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New Mexico governor criticizes Homeland Security secretary over cannabis seizures in secret recording

Opinion: Here we have an elected official talking about a product being sold and profits being made and calling it “Our Cannabis”. What kinds of things are really going on at the boarders and in government?

In the audio, Lujan Grisham references the recent seizures of state-licensed cannabis by U.S. Customs and Border Protection officers in southern New Mexico.

New Mexico Gov. Michelle Lujan Grisham criticized Department of Homeland Security Secretary Alejandro Mayorkas’ response to cannabis seizures by border patrol agents in the state during a recent phone call.

The Democratic governor further complained that she feels “boxed in” by the federal government’s crackdown on New Mexico’s state-legal cannabis industry.

Lujan Grisham’s comments came in a phone conversation with a senior administration official — whose identity has not been disclosed — that was recorded by a third party and posted on X by Tore Maras, who runs the website “Tore Says.”

Lujan Grisham’s office confirmed the audio’s authenticity to POLITICO on Friday, and said the conversation was with a “high-level federal administration official,” but did not specify which agency.

In the audio, Lujan Grisham references the recent seizures of state-licensed cannabis by U.S. Customs and Border Protection officers in southern New Mexico. Over the last two months, officers have seized more than $300,000 of state-licensed cannabis at various checkpoints, according to data collected by the New Mexico Cannabis Chamber of Commerce.

Some of these checkpoints are located as far as 80 miles north of the U.S.-Mexico border, like the one on I-70 en route to the town of Alamogordo, where two different cannabis operators told POLITICO they’ve been stopped and had licensed products seized in the last two months.

On the call, Lujan Grisham confirms she has raised the issue all the way to Mayorkas, in a meeting that was previously reported by local news station KRQE.

Customs and Border Protection agents are “worried about fentanyl, so they’re taking all our cannabis,” she says on the call.

Lujan Grisham spokesperson Michael Coleman previously told the Associated Press that Mayorkas “assured the governor that federal policies with respect to legalized cannabis have not changed.”

However, the new audio highlights the governor’s frustration with Mayorkas’ response.

“The secretary said to me, just so you know: ‘Who cares? They make a lot of money,’” she tells the official, referring to the secretary’s comment about the state’s licensed cannabis industry. “I thought that was really inappropriate.”

CBP has the legal authority to confiscate any cannabis with more than 0.3 percent THC, because it remains federally illegal under the Controlled Substances Act. However, over the last three decades, 38 states, four territories and the District of Columbia have legalized either medical or recreational marijuana. The federal government has not recently taken steps to shut down any of those legal industries.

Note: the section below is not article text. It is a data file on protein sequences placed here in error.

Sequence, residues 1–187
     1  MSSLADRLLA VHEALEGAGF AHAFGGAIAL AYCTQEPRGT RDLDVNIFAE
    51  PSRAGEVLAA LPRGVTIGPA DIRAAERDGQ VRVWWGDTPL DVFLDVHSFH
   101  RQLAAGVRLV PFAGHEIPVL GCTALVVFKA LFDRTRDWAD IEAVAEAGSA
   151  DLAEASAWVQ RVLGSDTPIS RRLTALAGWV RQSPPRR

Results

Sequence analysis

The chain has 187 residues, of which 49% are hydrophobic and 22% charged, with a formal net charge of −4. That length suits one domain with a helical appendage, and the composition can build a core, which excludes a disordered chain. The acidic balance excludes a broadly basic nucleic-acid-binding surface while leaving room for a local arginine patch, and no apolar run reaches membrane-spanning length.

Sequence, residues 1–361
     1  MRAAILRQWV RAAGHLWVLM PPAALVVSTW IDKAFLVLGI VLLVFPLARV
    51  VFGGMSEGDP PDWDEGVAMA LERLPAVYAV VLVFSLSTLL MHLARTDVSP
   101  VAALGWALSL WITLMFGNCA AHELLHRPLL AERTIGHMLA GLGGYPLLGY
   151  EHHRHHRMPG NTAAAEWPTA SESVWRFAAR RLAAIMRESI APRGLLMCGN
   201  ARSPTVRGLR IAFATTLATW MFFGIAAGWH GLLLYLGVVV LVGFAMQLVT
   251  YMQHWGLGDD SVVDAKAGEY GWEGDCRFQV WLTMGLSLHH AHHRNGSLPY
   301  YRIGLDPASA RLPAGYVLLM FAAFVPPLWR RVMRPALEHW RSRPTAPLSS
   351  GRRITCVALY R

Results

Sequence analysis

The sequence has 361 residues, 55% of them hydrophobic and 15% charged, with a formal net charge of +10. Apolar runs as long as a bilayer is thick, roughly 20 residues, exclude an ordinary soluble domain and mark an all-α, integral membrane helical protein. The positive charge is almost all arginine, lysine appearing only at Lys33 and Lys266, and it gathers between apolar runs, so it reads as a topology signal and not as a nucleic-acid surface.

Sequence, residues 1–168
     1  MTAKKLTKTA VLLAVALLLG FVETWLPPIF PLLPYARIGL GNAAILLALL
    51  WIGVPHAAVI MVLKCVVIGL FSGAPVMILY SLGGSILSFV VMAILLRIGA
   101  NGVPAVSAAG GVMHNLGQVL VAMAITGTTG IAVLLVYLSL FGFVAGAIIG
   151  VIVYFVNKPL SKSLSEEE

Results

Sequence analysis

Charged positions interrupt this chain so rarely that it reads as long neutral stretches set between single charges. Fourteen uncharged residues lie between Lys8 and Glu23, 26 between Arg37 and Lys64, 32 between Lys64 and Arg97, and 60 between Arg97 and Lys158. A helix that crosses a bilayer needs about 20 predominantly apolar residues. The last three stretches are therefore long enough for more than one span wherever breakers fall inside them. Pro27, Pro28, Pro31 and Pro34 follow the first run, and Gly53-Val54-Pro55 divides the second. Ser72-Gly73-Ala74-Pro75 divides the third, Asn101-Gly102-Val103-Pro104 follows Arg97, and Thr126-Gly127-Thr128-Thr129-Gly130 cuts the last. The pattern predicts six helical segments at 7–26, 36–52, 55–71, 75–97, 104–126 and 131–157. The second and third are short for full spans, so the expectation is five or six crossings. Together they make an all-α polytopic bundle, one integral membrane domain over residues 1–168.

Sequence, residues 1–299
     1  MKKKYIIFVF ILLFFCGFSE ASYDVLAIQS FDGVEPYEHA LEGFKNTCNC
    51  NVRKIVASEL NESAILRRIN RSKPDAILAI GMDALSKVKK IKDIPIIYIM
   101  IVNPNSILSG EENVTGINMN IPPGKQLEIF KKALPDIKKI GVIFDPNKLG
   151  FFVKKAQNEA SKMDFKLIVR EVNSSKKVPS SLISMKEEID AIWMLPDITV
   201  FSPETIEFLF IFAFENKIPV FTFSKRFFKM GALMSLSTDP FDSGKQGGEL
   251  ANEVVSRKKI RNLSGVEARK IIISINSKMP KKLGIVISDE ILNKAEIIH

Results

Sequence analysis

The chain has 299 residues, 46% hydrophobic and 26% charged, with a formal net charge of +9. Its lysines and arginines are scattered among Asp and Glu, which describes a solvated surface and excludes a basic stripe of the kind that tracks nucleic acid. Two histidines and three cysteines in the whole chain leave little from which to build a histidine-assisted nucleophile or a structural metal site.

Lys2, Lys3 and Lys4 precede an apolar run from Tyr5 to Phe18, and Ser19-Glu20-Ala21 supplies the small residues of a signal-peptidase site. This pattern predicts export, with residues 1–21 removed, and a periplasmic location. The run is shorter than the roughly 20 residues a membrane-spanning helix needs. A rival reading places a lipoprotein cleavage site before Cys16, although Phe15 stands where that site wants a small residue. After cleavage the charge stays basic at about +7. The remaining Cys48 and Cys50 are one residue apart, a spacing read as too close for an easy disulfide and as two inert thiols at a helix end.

CBP and DHS did not immediately respond to requests for comment.

In 2014, Congress passed an appropriations amendment that limits the ability of the Department of Justice to go after state-legal medical marijuana businesses. But CBP is not part of the Justice Department — it’s part of the Department of Homeland Security, which is not limited by the amendment. The amendment’s limitations have been on display in New Mexico before, when Bureau of Indian Affairs drug officers entered Picuris Pueblo land and pulled up licensed medical marijuana plants.

But the seizures by CBP are more widespread than a few Department of the Interior officers. Lewinger says 15 seizures have occurred since mid-February at the checkpoints heading north, east and west out of Las Cruces.

Lujan Grisham campaigned on enacting recreational legalization in 2018 and called a special session of the state Legislature in 2021 to get it done. She proudly touted legalization as an economic boost for the state — which is one of the poorest in the country — and sales have topped $1 billion since the recreational market launched just over two years ago.

But in this call, Lujan Grisham pushed the unnamed federal official to take action, saying she’s being accused of being “feckless” in addressing the issue.

“Either you have to adjust it or I have to send you a letter saying you’re persecuting the states, you are not using your discretion, you’re not working with me on immigration,” Lujan Grisham said. “And I don’t want to send that letter, but I’m boxed in.”

What do you think?

Written by Colin

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